Multi-resistant organisms (MRO)

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Bacteria is a term to describe a group of cells.

Some bacteria (e.g. in our gut) are called commensal bacteria. They are resident and while in our gut neither benefit nor harm us. Other types of bacteria however can cause illness (e.g. severe flu and pneumonia).

We use antibiotics to destroy bacteria.

What are multi-resistant organisms?

Multi-resistant organisms (MROs) are bacteria that are not destroyed by a number of different antibiotics. Some are better known than others, and are often called by their initials. Some examples are;

  • MRSA (Methicillin-Resistant Staphylococcus Aurous);
  • VRE (Vancomycin-resistant enterococci),
  • CRE (Carbapenem-Resistant Enterobacteriaceae) &
  • ESBL (Extended Spectrum Beta Lactamase producing organisms).

Where do they come from?

Multi-resistant organisms grow naturally. The bacteria can be spread from person to person, usually on hands. In their transfer between people they can mutate or change, picking up resistance from one bacteria and passing it to another bacteria.

Multi-resistant organisms are becoming more common because of the frequent use of "broad spectrum" antibiotics in the community.

Where do you find them?

Some multi-resistant organisms, such as MRSA, are found mainly in people’s noses or on their skin. Others, such as VRE and ESBL, are found mainly in the gut (intestine). In all cases, they are most likely to be present without causing any disease at all, that is, they "colonise" the person who then is said to be a "carrier" of that bacteria. Only rarely do they invade and cause disease.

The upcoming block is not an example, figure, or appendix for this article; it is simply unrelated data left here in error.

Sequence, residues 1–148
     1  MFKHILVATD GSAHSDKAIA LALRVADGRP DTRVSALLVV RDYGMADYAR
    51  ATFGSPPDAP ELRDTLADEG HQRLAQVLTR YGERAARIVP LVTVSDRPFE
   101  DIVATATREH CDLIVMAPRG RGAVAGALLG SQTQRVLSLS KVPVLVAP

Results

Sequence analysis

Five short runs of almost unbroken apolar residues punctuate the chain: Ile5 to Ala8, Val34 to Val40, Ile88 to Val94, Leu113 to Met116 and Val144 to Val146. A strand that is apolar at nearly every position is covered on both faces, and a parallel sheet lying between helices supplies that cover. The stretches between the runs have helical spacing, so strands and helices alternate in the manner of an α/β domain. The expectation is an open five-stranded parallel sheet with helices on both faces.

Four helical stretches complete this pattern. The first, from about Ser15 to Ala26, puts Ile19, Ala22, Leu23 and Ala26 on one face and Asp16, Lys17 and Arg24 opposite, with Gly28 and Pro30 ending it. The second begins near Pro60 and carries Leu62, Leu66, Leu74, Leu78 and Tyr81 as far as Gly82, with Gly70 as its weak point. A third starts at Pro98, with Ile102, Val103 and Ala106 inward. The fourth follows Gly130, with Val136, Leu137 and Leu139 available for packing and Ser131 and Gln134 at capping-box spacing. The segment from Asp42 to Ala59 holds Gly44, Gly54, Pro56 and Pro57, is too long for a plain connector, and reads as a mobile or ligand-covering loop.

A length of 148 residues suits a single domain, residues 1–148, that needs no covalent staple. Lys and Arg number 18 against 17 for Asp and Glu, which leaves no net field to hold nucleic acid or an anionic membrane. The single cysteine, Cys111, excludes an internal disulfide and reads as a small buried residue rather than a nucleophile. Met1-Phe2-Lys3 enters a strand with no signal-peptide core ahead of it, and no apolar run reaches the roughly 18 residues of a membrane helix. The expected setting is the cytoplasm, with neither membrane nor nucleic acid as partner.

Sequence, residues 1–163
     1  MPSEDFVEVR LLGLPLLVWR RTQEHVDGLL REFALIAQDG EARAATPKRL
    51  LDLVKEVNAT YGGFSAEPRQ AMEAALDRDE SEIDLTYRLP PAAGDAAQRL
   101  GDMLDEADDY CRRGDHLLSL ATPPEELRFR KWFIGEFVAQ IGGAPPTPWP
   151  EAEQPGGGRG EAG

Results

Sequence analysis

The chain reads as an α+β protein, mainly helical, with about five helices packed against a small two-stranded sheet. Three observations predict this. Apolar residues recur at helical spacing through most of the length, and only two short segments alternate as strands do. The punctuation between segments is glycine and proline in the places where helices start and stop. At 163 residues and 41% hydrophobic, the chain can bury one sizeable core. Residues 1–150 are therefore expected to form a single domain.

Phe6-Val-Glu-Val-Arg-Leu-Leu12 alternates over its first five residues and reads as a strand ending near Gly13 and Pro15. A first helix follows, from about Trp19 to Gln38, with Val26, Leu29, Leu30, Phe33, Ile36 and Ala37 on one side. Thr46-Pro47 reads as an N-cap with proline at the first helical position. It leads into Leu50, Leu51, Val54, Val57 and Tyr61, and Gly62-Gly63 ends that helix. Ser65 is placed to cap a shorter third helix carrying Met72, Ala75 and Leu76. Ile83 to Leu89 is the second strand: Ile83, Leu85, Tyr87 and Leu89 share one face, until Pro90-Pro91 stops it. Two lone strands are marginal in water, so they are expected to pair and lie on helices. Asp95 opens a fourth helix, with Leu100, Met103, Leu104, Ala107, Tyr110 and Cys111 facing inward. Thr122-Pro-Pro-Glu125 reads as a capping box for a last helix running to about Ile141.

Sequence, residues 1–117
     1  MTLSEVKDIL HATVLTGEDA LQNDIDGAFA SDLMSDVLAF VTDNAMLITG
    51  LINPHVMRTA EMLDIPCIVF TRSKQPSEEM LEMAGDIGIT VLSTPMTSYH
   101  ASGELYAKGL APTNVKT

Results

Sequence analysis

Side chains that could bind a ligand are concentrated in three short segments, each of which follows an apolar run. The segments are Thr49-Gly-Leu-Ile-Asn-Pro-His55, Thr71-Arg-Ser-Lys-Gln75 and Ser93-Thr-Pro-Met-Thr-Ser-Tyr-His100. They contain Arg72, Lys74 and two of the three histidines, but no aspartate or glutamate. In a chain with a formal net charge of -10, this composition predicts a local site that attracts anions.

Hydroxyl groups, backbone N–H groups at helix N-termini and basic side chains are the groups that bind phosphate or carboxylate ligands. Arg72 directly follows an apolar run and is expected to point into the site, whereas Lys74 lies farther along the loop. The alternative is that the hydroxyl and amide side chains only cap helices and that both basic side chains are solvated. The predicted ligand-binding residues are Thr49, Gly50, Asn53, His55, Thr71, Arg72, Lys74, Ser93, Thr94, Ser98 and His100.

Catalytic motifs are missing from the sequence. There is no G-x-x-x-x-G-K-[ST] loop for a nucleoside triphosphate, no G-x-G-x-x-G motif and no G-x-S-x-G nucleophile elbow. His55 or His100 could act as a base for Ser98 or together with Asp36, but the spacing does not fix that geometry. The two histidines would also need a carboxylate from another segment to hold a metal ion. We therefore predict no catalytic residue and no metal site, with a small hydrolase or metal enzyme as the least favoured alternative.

Are they super-bugs?

The term super-bugs implies the bacteria are more powerful and cause more disease (doctors say "more virulent") than other bacteria which are sensitive to antibiotics. This is not usually the case. Multi-resistant organisms are no more likely to cause serious infections than other sensitive bacteria. It is true that some MRSA can cause severe infection, but so can sensitive strains of the same bacterium, Staphylococcus aureus.

The main reason that doctors worry about multi-resistant organisms is that if a person colonised with a multi-resistant organism gets sick, we often have to start treatment with powerful, expensive antibiotics, which may have more side-effects, instead of our preferred antibiotics. If multi-resistant organisms become common in the community, commonly available and preferred antibiotics will not be effective. In addition, for some patients with underlying ill health e.g. they have a poor immune system due to a medical condition, multi-resistant bacteria are an additional and potentially serious problem for them.

How can we stop them developing?

We try to stop multi-resistant organisms developing by using antibiotics only when necessary. 

How do we stop them spreading?

The simplest way is to wash our hands well, both before and after handling any baby or child in the hospital. In hospital we try to separate babies or children who are colonised from other children. Sometimes we put children known to be colonized with the same MRO together in the same room (a process called "cohorting"). When a child is a carrier or is infected with an MRO and is hospitalised, we adopt special "infection control" precautions until the child is discharged from hospital.

Despite our best efforts, we sometimes find that babies and children become colonised with the multi-resistant organism after being admitted to a hospital. Since these bacteria are not usually highly virulent, in general this colonisation is a nuisance rather than being dangerous.

More information

For more information, please consult the Infection Control team or the consultant in charge of your child.

The Children's Hospital at Westmead
Sydney Children's Hospital, Randwick

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